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“I collect just very specific things,” he explains. “I’m a jazz-record collector. I have a huge Sun Ra collection. ä I have almost 200 Sun Ra records, and they’re all different. And that’s my collection. He was a giant inspiration to me, and a very important figure in my life. All of his LPs — the hardest-to-find ones — are generally issues of 300 to 500. He’d make these tiny little runs of records and sell them at the side of the stage. Most of them have hand drawings on the cover or are silk-screened, and they’re absolutely beautiful pieces of art all around.
“As far as I’m concerned, I could lose most of it except for the Sun Ra, and Coltrane, and a few other essentials.” He is unimpressed with his current bona fides. Weinstein tells me that his collection consists of a mere 12,000 records, split evenly between LPs and CDs. “That’s nowhere near as big as some of the people that work for me, some of the pricer guys. Kent Randolph, our master LP pricer, has a collection of about 28,000 LPs that is just mind-bogglingly beautiful. I was deeply into it until I opened Amoeba. And now that I own the store, the stuff is just coming and going all the time. I could get anything I want when I want it. So to an extent, I’ve lost the itch.”
Regis George, 29. Likes classic rock.
Weinstein and many of the people who work for him have instead become collectors of collections. Many of the veteran members of the Amoeba staff will sheepishly admit that they don’t collect as much as they once did, though they’ve inevitably retained the ability to go into minute detail about the 5,000 to 20,000 records they still have “just lying around.” Despite the fact that many here are meta-collectors, their love of records is infectious. All the better to sell you stuff.
More important, though, Weinstein and the employees of Amoeba understand the collector’s psyche. They have insight into the delicate balance involved in collecting, and record collecting in particular — the way a desire for total freedom must be reconciled with stultifying anality. “We have every version of both coming through the store,” Weinstein says. “Being a buyer for 22 years, I’ve bought so many different collections under so many different circumstances. I’ve seen it all, as far as different approaches people have. How they collect. Why they collect. What it means to them. And it’s an identity thing in all cases. It has a lot to do with people’s sense of who they are. It’s a way to show the rest of the world. A lot of people do it with books, some people do it with records. Collections get at it more than anything else.” Weinstein zeroes in on one collection in particular.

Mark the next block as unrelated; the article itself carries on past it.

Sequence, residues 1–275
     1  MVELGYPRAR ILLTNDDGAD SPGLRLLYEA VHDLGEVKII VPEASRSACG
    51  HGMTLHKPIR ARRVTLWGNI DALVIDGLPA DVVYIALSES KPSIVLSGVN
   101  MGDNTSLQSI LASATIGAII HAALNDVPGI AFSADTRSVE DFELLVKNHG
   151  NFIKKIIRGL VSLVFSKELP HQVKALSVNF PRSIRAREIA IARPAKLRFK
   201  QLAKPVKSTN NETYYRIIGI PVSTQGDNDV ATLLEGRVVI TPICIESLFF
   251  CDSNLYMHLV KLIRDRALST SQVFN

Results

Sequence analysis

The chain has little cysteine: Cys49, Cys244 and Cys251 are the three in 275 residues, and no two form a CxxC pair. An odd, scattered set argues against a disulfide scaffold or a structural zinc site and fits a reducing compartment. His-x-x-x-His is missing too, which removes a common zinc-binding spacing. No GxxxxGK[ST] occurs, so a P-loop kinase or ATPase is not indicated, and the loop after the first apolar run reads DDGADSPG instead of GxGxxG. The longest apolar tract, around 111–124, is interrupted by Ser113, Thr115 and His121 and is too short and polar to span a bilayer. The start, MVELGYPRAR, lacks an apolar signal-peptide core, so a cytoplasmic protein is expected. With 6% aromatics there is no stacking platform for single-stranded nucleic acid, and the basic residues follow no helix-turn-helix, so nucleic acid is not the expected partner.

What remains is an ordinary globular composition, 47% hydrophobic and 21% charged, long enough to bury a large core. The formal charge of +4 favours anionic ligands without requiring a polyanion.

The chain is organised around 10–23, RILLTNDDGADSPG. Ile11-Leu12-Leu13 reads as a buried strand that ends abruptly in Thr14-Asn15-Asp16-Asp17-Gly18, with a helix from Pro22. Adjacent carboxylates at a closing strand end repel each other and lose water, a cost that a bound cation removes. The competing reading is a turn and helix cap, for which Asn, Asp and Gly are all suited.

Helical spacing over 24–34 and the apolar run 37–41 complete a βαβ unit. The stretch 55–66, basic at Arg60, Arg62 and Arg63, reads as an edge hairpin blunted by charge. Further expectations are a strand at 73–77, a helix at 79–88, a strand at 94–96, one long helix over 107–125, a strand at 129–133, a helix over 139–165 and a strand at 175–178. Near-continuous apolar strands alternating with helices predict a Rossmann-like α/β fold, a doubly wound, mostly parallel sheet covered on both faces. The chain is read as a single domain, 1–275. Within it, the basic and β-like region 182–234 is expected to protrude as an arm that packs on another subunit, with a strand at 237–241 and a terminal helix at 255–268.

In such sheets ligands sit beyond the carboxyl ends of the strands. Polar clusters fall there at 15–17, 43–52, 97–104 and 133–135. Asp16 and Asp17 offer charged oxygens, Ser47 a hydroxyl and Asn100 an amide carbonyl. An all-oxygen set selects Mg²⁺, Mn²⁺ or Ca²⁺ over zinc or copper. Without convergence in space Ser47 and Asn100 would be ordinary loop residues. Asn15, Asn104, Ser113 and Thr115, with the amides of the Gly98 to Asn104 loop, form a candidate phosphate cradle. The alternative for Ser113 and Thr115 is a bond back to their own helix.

Darren Hahn, 29, former drummer for Geggy Tah, currently drummer for Ani DiFranco.
“I recently bought a large one from a very wealthy suburban household in Detroit,” he says. They lived right across the Canadian border. “The woman of the house — the mother of the person whose collection I was purchasing — was into glass figurines and porcelain. Every square inch of the living room, dining room and main floor was filled, floor to ceiling, with glass cases with figurines. I couldn’t imagine . . . You’re not listening to them, you’re not reading them. You’re not even looking at them, are you? I guess if you have a dinner party a few of your friends come over and you say, ‘Wow, well look at this one.’ What’s the point of that?
“Her son was a collector his whole adult life. He was kind of sick . . . Really he was disabled. His parents had a lot of money, so he was able to be a record shopper for a living. They were trying to be as supportive of him as they could given his difficult situation. Over the course of his teenagehood, through his late 30s, he was an avid collector and buyer all over the world. He used to go to Europe, to England and France and Spain, to Israel — all kinds of places — buying everything that he loved, which was mostly popular English rock. From Bowie to the Stones to the Beatles and everything in between. He would basically buy everything he could get his hands on. It was an incredible collection of 30,000 virtually unplayed English popular rock records.”
Barry Wendell, 52, LAUSD substitute teacher. Sings Friday nights at a Jewish temple in El Segundo. Has more than 1,000 albums. “It’s a fairly harmless habit. It’s cheaper than drugs and safer than sex.”
There are things we save and things we throw away . . . You can treat your collection as something that comes and goes. Or you can treat it like a porcelain doll. Some collections evolve. Others are fixed in time, precious.
“That fella from Detroit had passed away literally 11 years earlier, and his family kept the collection intact and well cared for in a dehumidified vault. But eventually they decided they wanted to sell it,” Weinstein says. “There are rare circumstances like this where someone’s life is cut short suddenly and you get this weird, morbid sense of what collecting is all about, how much it’s attached to a living person, and how little it can sometimes mean to everybody else after they’re gone. We’re in the business of redistributing these bits of culture from one place to another, but it never bums me out. It’s an absolute joy. Now it’s going to go back into the world, and everybody who has been looking for this record or that record has actually got a shot at finding it.”